If you download a fake app, information like your location, contacts, and passwords could be stolen. Therefore, only download apps directly from the manufacturer’s store to ensure you never accidentally download malware.

Dig Deeper: How to Quickly Remove Malware in 2023

Financial Scam Attacks

If the scammers don’t send you a fake website or app, they might send you texts that try to convince you to send them money instead. They might pretend to be someone you know or financial personnel who offer a get-rich-quick scam in exchange for an upfront payment.

Dig Deeper: 7 Ways to Tell If It’s a Fake

This type of smishing attack is especially effective against less tech-savvy people or those who have never been educated about online scams. Older people are more likely to be the victims of a financial smishing attack.

How to Tell If You’re Being Smished

Knowing what smishing is isn’t enough to protect you. A few tell-tale signs of smishing are crucial to be aware of.

First, many smishing scammers will send fake messages from email-to-text services. If you receive a message from a number that doesn’t look like a regular phone number, like “5000,” that’s a strong sign of smishing.

Be especially cautious of strange text messages that contain links you don’t recognize. Never open links attached to text messages unless you trust the person who sent them. Even if you know the person who sent you the link, confirming that they meant to send it before you click it might be a good idea.

You can often tell that a text message is fake or a scam because it will contain grammar errors, misspelled words, and special characters. Even if the message looks legitimate, don’t let your guard down. If you don’t recognize the number, it’s best not to open it.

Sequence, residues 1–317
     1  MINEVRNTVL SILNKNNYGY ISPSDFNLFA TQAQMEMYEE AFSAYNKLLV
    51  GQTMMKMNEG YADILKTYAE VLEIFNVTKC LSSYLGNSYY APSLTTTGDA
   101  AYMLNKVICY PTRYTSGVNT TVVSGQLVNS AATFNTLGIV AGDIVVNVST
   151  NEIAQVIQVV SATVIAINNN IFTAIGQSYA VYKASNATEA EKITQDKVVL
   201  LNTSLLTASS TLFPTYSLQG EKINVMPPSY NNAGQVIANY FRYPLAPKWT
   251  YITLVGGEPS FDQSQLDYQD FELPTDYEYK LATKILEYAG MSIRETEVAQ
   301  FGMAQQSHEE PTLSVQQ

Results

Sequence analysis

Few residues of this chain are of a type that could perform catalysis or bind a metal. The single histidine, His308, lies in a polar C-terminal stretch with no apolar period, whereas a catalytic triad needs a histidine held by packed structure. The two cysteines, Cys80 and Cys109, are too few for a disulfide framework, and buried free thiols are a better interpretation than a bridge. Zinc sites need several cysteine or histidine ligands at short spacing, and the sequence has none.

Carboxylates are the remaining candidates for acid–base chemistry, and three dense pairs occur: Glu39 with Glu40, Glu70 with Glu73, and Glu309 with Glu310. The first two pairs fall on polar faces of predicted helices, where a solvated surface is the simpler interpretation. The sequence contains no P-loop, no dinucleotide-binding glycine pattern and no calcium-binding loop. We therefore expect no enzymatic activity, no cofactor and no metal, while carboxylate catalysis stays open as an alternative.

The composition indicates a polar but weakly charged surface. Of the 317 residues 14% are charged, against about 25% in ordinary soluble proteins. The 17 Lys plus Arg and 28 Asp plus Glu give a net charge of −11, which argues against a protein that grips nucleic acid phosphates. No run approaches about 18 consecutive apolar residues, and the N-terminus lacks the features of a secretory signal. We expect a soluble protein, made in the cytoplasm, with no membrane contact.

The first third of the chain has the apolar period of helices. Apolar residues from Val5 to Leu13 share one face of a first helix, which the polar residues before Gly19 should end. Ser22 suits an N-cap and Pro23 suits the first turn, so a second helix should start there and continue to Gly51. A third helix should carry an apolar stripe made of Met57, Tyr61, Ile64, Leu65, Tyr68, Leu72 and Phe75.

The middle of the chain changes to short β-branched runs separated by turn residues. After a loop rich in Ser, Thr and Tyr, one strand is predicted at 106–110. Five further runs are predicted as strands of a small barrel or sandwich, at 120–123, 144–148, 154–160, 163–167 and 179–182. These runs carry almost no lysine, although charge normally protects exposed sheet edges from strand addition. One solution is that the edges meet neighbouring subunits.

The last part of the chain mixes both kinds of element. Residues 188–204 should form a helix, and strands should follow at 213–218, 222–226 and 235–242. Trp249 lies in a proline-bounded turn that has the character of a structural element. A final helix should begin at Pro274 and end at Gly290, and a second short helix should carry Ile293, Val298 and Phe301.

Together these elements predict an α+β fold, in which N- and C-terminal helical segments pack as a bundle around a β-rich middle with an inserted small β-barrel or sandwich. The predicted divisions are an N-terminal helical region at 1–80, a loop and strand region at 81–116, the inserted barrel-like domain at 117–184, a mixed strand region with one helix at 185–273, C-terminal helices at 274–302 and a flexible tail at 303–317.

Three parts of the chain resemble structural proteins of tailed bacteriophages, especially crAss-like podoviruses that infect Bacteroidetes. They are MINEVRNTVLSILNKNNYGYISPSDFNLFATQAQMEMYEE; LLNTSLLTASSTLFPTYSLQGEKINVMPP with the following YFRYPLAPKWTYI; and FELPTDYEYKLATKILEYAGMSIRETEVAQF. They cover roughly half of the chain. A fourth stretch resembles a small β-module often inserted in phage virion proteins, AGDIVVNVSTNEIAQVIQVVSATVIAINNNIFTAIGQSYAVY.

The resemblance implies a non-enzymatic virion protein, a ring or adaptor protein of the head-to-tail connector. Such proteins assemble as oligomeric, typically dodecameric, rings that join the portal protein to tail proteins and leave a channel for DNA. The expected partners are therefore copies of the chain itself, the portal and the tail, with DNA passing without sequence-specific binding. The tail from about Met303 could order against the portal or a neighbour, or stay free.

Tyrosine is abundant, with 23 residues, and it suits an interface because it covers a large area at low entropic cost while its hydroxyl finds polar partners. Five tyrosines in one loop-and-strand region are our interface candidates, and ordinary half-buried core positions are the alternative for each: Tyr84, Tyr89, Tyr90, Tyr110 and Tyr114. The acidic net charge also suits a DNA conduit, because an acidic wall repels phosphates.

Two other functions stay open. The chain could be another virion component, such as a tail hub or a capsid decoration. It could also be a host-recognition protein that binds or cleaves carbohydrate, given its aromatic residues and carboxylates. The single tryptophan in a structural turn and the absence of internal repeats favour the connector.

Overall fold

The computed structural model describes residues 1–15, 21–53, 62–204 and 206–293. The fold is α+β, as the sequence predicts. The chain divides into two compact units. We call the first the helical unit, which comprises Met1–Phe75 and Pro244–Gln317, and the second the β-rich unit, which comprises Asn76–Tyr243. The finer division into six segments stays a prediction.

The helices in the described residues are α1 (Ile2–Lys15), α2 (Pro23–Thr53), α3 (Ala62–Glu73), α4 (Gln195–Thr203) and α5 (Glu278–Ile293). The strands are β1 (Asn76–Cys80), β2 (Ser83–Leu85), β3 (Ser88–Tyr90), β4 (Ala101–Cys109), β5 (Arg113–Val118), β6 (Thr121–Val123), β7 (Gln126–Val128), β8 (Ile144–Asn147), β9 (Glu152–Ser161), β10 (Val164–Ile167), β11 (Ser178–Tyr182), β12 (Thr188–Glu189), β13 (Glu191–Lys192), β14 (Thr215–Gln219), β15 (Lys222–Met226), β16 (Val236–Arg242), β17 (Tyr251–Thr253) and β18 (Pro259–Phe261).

Can You Get Hacked by Responding to a Text?

Whether or not you can get hacked by responding to a text depends on what information you disclose. If you don’t say anything that can be used to hack you, like a password, username, or personally identifiable information, just responding to a text doesn’t mean you’ll get hacked.

Still, it’s better to avoid responding to scammers’ texts altogether. By responding to a fake text, you’re telling the scammers that you’re willing to talk to them and that they might be able to trick you if they try hard enough. If you receive a text you think is a smishing attack, ignore it.

How To Avoid Being Smished

The easiest way to avoid being smished is to ignore all texts you’re unfamiliar with. As long as you don’t interact with scammers, there’s no way for them to trick you.

Even if a text message seems real, a legitimate business will never ask you to enter your password, PIN, or other personally identifiable information through text messages. In particular, the IRS and Social Security Administration will never communicate via text.

Report any smishing attacks to your local authorities handling cybersecurity crimes, and increase your device’s security level to end these crimes. Help us at McAfee into beating this system. That way, you can protect yourself and others and help ensure that the scammers are caught. As long as you stay alert and don’t enter your information on any malicious websites, you can stay safe from smishing.